Break Through Digest |
A two year old child from Florida is free of signs of juvenile myelomonocytic leukemia (JMML), a very rare form of pediatric leukemia, seventeen months after receiving a transplant with cord blood from the National Cord Blood Program (NCBP) of the New York Blood Center’s Howard P. Milstein National Cord Blood Center.
Juvenile myelomonocytic leukemia generally affects children under the age of five and comprises less than one percent of infant leukemias. The prognosis for JMML is generally poor and most children with JMML die before reaching the age of three.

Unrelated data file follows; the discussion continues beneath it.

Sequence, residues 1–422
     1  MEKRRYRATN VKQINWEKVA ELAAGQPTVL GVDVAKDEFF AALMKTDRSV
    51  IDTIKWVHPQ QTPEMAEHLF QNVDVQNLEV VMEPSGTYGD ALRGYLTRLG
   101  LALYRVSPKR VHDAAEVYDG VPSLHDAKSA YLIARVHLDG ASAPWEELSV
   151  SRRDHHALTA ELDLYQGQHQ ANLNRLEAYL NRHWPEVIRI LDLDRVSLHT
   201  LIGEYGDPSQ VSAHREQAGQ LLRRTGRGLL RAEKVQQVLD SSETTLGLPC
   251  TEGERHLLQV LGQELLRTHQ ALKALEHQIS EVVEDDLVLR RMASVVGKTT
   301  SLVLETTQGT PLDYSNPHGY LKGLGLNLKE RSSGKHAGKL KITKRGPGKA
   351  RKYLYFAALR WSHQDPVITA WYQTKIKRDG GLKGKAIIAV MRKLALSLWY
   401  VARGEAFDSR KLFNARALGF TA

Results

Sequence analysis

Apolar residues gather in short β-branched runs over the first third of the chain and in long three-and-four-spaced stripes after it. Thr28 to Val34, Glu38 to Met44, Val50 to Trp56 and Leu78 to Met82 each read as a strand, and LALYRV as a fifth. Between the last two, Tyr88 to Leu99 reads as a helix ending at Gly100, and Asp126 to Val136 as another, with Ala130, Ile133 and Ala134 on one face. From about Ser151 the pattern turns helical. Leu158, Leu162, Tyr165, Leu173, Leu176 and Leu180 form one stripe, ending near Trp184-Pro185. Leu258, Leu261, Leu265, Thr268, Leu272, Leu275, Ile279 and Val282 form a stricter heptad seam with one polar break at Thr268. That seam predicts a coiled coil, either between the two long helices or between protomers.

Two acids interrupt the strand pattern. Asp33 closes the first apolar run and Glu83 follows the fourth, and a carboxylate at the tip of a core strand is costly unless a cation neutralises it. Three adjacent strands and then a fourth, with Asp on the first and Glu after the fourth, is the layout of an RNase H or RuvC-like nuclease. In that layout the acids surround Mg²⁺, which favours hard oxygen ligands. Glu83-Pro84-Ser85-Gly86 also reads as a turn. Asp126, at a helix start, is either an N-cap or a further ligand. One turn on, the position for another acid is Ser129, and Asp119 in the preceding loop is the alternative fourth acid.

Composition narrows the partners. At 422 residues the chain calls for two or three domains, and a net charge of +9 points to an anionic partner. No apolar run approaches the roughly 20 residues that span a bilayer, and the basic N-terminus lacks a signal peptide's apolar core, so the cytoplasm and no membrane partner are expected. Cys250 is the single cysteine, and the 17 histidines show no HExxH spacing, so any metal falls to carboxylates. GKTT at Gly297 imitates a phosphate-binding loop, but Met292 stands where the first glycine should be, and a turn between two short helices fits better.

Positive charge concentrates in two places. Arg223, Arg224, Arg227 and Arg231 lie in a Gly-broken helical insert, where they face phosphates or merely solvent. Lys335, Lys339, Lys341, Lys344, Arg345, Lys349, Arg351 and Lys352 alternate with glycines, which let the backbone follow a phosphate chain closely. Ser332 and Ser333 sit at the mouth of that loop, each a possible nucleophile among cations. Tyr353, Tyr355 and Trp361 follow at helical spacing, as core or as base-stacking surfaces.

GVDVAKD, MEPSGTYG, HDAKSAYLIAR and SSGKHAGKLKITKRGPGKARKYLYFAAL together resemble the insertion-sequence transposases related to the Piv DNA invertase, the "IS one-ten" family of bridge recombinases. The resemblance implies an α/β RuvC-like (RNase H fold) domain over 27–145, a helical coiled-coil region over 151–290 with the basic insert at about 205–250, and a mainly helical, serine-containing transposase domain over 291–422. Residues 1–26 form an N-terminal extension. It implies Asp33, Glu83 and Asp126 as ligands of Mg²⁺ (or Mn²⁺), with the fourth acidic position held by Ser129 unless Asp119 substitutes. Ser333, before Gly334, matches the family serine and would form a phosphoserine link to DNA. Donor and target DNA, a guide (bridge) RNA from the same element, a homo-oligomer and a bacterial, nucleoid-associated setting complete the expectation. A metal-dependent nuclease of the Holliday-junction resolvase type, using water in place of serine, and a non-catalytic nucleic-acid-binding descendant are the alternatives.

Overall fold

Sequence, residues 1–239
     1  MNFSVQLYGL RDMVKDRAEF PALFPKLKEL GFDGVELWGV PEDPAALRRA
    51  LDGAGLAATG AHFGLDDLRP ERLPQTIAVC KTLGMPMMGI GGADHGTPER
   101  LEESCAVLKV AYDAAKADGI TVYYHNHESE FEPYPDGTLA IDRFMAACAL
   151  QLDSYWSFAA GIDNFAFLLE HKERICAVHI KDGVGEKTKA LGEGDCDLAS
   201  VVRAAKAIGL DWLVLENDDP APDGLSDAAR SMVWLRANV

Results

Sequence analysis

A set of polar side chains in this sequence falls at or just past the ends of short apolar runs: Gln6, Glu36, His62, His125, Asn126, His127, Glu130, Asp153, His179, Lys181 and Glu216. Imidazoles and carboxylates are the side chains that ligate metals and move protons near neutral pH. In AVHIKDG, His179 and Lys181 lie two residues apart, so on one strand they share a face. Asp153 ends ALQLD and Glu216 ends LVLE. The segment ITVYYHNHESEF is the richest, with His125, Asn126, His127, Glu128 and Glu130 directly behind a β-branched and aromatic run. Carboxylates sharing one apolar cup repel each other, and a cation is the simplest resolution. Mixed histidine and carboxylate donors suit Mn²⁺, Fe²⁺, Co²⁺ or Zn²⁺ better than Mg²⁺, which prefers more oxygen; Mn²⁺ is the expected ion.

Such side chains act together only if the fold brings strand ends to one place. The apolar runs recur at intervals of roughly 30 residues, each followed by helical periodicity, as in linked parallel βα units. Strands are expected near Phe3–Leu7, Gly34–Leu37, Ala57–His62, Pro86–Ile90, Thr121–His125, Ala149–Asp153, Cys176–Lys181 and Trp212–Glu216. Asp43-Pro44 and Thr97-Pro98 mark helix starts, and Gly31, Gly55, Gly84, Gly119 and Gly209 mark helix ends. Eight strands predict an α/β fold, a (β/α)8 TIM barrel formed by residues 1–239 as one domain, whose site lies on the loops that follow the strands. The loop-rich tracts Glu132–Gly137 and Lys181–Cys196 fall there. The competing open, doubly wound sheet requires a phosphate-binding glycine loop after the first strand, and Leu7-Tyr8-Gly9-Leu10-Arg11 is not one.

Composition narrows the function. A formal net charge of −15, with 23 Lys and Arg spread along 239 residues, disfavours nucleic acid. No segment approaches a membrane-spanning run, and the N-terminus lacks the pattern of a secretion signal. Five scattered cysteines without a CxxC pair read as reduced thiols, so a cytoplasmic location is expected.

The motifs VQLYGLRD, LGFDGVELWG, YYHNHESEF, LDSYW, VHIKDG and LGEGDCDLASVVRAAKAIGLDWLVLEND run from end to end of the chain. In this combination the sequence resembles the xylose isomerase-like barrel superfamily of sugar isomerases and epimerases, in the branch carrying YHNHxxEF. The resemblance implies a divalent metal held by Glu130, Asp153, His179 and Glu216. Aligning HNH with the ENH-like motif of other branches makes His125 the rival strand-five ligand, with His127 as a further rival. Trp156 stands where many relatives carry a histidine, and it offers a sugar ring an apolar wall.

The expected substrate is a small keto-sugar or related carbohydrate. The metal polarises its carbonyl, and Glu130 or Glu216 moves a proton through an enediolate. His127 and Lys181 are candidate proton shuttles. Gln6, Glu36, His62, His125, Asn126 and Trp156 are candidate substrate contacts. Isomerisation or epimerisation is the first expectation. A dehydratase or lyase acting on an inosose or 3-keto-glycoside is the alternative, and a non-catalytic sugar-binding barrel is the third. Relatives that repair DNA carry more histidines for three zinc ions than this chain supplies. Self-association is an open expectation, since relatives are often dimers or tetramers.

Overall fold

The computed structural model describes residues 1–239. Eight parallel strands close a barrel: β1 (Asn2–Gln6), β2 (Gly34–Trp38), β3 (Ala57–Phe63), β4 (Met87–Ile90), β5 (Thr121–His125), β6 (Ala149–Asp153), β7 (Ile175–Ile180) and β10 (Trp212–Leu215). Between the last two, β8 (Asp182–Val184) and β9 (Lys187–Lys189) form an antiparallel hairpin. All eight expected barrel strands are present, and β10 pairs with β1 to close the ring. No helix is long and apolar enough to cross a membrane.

Adolfo Gonzalez was diagnosed with JMML when he was thirteen months old. “Adolfo Gonzalez would most likely not be alive today if it weren’t for the cord blood transplant,” said Gary Kleiner, M.D., Ph.D., pediatric immunologist at the University of Miami School of Medicine. “The mother who donated her cord blood to the public cord blood bank at New York’s National Cord Blood Program basically saved his life.”
Adolfo’s treatment included chemotherapy to destroy his leukemia cells followed by a cord blood stem cell transplant from NCBP. He did endure